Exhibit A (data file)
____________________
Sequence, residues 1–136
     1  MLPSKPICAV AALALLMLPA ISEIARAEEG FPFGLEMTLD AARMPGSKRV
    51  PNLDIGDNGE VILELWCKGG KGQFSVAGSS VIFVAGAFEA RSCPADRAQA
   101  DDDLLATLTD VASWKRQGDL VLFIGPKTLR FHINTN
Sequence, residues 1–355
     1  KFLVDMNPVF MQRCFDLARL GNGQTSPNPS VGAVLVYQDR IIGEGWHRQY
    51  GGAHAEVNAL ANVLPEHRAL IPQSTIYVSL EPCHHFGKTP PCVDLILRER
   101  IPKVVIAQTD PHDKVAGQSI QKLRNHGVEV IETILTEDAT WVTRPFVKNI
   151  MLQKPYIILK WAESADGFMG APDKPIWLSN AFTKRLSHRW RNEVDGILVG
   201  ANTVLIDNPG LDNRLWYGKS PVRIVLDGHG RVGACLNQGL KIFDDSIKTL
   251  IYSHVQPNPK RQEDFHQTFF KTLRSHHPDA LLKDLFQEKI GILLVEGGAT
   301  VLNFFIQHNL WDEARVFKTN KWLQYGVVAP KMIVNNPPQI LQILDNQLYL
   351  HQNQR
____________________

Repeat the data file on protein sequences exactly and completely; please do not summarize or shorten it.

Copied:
Sequence, residues 1–136
     1  MLPSKPICAV AALALLMLPA ISEIARAEEG FPFGLEMTLD AARMPGSKRV
    51  PNLDIGDNGE VILELWCKGG KGQFSVAGSS VIFVAGAFEA RSCPADRAQA
   101  DDDLLATLTD VASWKRQGDL VLFIGPKTLR FHINTN
Sequence, residues 1–355
     1  KFLVDMNPVF MQRCFDLARL GNGQTSPNPS VGAVLVYQDR IIGEGWHRQY
    51  GGAHAEVNAL ANVLPEHRAL IPQSTIYVSL EPCHHFGKTP PCVDLILRER
   101  IPKVVIAQTD PHDKVAGQSI QKLRNHGVEV IETILTEDAT WVTRPFVKNI
   151  MLQKPYIILK WAESADGFMG APDKPIWLSN AFTKRLSHRW RNEVDGILVG
   201  ANTVLIDNPG LDNRLWYGKS PVRIVLDGHG RVGACLNQGL KIFDDSIKTL
   251  IYSHVQPNPK RQEDFHQTFF KTLRSHHPDA LLKDLFQEKI GILLVEGGAT
   301  VLNFFIQHNL WDEARVFKTN KWLQYGVVAP KMIVNNPPQI LQILDNQLYL
   351  HQNQR